Visual Differential Geometry and Forms – a mathematical drama in five acts, by Tristan Needham – a review
NB. I was sent this book as a review copy.
Studying physics, some two decades ago at The University of Bristol, I found the majority of what we covered relatively intuitive. Even the arcane world of quantum mechanics, while impossible to truly visualise, is, paradoxically, often relatively simple to calculate, and the objects that you use are directly from the world of complex numbers, differential equations and linear algebra. What stumped me however were tensors. I found it so hard to really picture what was going on with these objects. Vectors were ok, and the metric tensor I could handle, but as soon as you got onto differential forms, all my intuition went out the window. The world of differential geometry, while I could plug and chug, felt like putting together sentences in a foreign language where all I had were rules for using the syntax and grammar, without a deep understanding of what the objects were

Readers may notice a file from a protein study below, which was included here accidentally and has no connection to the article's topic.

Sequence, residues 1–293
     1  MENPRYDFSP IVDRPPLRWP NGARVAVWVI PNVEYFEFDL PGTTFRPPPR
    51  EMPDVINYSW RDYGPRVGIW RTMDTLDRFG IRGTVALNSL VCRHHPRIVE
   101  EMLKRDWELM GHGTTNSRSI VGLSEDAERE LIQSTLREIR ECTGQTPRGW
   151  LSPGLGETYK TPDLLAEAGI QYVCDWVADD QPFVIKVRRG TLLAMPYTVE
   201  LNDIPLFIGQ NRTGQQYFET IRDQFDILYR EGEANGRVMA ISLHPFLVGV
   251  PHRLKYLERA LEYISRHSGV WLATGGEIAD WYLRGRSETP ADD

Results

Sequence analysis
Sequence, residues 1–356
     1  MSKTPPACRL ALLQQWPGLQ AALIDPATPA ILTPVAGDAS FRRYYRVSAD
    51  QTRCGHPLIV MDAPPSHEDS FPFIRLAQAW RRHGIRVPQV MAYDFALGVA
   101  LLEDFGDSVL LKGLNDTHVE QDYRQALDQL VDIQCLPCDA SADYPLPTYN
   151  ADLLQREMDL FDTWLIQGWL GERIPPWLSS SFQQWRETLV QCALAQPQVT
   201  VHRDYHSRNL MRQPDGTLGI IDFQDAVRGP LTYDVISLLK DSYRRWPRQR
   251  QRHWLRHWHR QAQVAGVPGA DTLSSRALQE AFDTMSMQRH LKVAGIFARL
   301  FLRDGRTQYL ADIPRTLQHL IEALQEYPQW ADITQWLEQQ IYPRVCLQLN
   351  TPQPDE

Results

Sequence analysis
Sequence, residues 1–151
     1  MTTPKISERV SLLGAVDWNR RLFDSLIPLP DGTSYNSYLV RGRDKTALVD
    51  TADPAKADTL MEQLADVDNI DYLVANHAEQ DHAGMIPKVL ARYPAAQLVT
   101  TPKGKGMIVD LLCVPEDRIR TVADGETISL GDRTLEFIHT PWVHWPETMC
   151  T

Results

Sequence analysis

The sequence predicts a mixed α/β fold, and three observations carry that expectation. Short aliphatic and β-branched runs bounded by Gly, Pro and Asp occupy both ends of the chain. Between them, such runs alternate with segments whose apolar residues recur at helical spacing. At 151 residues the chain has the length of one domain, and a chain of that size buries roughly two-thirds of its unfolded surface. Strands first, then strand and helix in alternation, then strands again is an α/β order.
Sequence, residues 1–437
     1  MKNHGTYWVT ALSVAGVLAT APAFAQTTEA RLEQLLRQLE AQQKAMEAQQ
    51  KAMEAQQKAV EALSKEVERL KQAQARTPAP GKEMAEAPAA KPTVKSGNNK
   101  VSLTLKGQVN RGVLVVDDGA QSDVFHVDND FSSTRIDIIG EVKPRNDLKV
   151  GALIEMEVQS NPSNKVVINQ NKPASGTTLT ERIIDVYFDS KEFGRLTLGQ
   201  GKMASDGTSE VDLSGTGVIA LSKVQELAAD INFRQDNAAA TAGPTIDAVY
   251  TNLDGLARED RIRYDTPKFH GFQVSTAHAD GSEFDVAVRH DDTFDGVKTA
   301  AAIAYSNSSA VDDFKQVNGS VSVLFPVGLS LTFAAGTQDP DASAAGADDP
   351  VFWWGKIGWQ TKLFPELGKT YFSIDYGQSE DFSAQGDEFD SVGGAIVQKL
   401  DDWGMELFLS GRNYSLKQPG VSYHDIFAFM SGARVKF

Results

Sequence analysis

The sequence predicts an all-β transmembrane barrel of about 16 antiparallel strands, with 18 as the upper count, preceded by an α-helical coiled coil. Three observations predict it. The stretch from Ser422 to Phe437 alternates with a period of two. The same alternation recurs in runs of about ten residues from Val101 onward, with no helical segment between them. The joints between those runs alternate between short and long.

This book would have answered all of my prayers back then.…